The first FIFA World Cup was hosted by Uruguay in 1930, and was won by the host nation. This invented a tradition whereby home advantage seemed to be conferred by hosting the championship, but this was by no means a guarantee of success. There were seven South American and two North American representatives, while only four of the thirteen teams were European (Belgium, France, Romania and Yugoslavia). Uruguay’s victory coincided with celebrations of the centenary of the first Uruguayan constitution and ten key games took place at the Estadio Centenario in Montevideo, built specifically for the purpose. Local artist Guillermo Laborde designed an oil painting of a goalkeeper rising to tip the ball over the crossbar and, in so doing, set a tradition of winning a public competition to have his design reproduced as a World Cup poster. The original painting became a national treasure and an original in the Uruguay Museo Nacional de Artes Visuales (national art museum) has been restored and conserved recently.
Jean’s chapter argues that the posters give an insight into the growth of intercontinental World Cup competitions, and a are neglected aspect of the academic literature. Firstly, the process of hosting a World Cup was partly reflected in the design of the poster, and specific temporal concerns often influenced both the style and topical motifs used in any specific edition. Secondly, the idea of a football world championship fed into wider concerns about a particular nation’s place in the global economic, political and social order. Consequently, the posters reflected the hosts self-image, to both domestic and international audiences. World Cup posters, like Olympic artworks, and their antecedents (including cheap paper bills circulated by hand), acted as both public service announcements and metaphors for spectacle.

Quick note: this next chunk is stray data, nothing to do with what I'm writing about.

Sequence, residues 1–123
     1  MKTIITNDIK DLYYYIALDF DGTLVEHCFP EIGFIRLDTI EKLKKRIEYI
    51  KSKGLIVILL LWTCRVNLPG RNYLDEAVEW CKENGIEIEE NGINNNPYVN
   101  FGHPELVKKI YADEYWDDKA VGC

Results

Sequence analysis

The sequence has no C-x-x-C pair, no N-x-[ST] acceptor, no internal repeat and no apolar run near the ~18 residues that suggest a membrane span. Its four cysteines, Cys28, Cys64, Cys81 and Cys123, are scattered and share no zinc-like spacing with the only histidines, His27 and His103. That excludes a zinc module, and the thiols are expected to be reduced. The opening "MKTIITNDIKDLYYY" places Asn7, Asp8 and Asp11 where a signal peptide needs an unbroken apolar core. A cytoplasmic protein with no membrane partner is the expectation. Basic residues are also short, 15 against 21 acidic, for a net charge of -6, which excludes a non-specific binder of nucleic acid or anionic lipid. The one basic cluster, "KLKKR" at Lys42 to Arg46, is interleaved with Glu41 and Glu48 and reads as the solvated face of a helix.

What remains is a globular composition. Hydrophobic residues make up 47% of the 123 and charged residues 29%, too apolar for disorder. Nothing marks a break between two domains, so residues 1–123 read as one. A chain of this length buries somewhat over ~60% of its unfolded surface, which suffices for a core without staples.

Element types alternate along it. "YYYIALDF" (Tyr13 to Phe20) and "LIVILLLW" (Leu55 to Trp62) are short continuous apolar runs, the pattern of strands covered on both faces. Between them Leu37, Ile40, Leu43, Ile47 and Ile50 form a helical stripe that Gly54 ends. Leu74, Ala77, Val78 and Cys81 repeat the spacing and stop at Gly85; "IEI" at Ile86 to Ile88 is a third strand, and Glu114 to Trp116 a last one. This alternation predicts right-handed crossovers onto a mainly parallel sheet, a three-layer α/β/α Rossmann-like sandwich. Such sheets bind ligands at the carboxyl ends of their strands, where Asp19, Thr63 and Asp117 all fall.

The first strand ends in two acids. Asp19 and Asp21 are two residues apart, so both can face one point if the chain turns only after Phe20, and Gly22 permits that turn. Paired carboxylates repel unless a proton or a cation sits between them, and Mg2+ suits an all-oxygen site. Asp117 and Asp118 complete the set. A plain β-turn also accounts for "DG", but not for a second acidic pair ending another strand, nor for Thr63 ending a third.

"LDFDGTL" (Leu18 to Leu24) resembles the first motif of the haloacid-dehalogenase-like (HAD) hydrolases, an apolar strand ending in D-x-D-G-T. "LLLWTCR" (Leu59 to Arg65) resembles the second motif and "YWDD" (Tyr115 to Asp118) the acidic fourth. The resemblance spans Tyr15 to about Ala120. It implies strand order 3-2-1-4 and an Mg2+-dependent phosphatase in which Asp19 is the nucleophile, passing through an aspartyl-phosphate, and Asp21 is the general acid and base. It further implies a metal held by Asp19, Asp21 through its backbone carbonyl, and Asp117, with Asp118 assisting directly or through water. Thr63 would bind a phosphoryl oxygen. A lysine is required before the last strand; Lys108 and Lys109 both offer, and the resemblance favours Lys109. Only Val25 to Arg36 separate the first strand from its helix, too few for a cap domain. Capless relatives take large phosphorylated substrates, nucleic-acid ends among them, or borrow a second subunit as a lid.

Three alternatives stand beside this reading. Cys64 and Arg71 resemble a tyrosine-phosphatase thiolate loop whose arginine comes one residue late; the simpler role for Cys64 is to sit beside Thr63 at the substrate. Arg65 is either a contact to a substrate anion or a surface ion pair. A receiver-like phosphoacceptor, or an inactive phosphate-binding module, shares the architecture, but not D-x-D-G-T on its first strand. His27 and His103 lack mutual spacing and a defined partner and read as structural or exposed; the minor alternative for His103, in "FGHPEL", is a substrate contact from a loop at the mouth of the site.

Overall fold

However, the chapter primarily concerns the innovations created during the England World Cup of 1966. The tournament heralded an unprecedented level of commercial exploitation exemplified by the first World Cup mascot; a cartoon lion called World Cup Willie who wore a union jack waistcoat, and walked with a comical swagger. When England won as hosts in 1966, it was the third time that this had been achieved in World Cup history; first by Uruguay in 1930 and secondly by Italy in 1934. Unlike both Uruguay and Italy, this has been the only time that England has won the tournament.